Egg wrote:Al Hubbard! How can I forget???

With all due respect, but how can you possibly pick Al Hubbard? His drawings are awfull, far too rough, like they're sketches. What I dislike most, are his non-Duck comics, like Scamp and Junglebook. I always skip them.
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Postby Doctor Witchie Britchie » Mon Apr 17, 2006 12:39 am

I agree that Hubbard's Ducks aren't the best, but I love his artwork on Scamp, Peter Pan, and many other non-Duck characters--they have a great old animation flavor.
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Postby Egg » Mon Apr 17, 2006 3:51 am

In the Welcome-topic, the Toonder Studio of Marten Toonder is mentioned. Was it Piet Wijn who did those stories?

Piet Wijn is a great artist, known of Douwe Dabbert, a serial in the Dutch Donald Duck weekly.

*EDIT* boardlinking updated to McDrake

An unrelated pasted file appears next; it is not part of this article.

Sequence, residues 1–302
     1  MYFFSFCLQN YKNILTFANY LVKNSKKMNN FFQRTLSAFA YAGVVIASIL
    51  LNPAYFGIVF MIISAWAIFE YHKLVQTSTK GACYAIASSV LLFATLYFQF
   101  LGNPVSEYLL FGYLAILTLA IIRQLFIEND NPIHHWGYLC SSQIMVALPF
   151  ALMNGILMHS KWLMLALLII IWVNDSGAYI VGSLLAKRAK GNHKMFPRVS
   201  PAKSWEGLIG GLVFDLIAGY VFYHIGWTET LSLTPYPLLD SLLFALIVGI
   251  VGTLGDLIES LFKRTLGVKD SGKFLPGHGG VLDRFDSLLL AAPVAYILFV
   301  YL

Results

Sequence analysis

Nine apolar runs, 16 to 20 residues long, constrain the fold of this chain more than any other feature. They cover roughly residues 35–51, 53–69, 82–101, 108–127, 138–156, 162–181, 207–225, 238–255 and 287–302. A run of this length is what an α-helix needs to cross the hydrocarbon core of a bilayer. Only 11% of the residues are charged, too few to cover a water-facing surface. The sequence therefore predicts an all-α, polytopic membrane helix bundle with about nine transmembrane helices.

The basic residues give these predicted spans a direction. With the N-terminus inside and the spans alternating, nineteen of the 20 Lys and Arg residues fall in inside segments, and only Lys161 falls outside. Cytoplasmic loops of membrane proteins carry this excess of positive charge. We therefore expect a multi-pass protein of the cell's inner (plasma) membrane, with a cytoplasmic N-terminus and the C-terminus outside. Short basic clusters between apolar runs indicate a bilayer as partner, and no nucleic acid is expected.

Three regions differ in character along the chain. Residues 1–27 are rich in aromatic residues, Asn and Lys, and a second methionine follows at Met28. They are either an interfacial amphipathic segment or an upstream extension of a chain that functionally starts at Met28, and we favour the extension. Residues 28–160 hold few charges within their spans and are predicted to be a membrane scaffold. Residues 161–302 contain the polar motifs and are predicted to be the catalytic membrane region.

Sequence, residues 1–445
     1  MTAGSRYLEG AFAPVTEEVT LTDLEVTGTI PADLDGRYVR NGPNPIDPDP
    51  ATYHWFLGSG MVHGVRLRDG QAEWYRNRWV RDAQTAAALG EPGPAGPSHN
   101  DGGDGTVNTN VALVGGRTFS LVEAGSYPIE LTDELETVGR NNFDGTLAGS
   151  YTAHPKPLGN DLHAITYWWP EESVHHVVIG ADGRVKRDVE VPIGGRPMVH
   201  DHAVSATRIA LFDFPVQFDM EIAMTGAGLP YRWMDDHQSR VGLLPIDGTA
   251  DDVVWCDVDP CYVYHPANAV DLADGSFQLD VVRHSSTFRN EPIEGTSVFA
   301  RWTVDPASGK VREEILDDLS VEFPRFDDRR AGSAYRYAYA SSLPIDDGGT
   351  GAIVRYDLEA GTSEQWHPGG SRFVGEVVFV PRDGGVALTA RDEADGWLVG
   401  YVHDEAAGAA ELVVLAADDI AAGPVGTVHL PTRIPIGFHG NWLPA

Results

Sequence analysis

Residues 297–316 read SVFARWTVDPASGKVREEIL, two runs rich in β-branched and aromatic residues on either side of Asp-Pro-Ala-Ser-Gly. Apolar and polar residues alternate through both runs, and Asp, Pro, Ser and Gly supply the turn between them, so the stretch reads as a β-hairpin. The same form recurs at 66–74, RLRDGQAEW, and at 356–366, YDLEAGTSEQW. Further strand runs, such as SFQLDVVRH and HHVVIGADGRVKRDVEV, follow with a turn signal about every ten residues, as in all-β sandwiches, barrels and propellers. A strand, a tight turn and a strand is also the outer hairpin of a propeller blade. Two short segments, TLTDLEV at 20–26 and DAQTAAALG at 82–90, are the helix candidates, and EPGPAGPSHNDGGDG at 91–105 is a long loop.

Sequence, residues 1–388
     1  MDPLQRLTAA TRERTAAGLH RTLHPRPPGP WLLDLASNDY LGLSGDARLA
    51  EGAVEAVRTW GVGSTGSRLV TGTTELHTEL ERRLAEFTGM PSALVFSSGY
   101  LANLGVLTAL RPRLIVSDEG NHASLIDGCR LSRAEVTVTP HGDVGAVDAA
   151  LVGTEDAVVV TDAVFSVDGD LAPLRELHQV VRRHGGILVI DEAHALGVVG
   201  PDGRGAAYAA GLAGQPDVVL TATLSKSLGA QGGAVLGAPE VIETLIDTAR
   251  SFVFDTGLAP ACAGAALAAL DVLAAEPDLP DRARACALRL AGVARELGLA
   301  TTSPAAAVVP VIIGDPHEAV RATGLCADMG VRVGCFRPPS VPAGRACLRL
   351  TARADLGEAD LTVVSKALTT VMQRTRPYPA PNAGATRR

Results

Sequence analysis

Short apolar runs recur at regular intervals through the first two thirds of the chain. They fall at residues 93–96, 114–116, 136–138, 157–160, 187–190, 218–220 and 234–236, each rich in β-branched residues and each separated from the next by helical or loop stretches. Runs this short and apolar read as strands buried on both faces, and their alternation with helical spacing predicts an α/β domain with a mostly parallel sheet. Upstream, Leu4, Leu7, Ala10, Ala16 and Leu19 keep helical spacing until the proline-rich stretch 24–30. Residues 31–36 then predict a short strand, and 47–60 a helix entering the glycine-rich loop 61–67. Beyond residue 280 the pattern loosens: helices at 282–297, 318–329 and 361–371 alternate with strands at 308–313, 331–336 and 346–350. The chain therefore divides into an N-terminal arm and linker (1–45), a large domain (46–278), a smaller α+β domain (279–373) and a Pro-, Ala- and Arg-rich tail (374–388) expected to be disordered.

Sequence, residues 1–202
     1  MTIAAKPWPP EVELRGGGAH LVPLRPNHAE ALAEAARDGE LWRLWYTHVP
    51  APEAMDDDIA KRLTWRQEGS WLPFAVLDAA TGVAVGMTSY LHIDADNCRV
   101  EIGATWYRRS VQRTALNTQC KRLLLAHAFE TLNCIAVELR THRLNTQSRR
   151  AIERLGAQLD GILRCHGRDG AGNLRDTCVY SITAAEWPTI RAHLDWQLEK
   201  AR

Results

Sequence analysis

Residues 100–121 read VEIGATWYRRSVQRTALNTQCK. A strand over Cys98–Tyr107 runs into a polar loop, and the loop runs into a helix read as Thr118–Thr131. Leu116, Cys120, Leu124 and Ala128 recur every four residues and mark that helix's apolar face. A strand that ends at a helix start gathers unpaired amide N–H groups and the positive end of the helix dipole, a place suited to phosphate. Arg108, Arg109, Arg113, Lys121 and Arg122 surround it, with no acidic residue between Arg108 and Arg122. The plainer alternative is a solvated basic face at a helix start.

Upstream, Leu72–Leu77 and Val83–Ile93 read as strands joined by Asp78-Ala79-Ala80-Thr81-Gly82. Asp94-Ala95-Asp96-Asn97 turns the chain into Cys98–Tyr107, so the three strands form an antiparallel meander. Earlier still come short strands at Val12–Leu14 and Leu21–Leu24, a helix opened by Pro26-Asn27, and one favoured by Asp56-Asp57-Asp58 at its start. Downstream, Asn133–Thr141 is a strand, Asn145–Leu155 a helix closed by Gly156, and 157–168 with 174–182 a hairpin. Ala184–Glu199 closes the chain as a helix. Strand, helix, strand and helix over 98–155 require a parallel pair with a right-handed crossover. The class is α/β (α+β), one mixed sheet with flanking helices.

Last edited by Egg on Sat Feb 10, 2007 1:41 am, edited 1 time in total.
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Postby Robb_K » Mon Apr 17, 2006 7:29 pm

After barks, I like Daan Jippes best (especially during his early period-together with Freddy Milton. After him, it would be Daniel Branca. Ben Verhagen, Mau Heymans (middle career) Van Horn, and Jan Gulbransson (recent work) are also very good.

I CAN'T STAND Al Hubbard's, Paul Murray's, Kay Wright's, Tony Strobl's (post 1958 work-although I like his 1947-1958 work).

For Mickey Mouse, I like Floyd Gottfredson best by far (as Barks), then manuel Gonzales, and Bill Wright. I also like Daan Jippes and Al Taliaferro (yes they DID draw Mickey!).
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Postby Rockerduck » Mon Apr 17, 2006 11:57 pm

Jan Gulbransson hasn't drawn a Duck-story in the last 20 years, if I'm correct!
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Postby Egg » Tue Apr 18, 2006 12:37 am

Egg is VERY disappointed in Robb_K and Rockerduck, for being negative on Al Hubbard.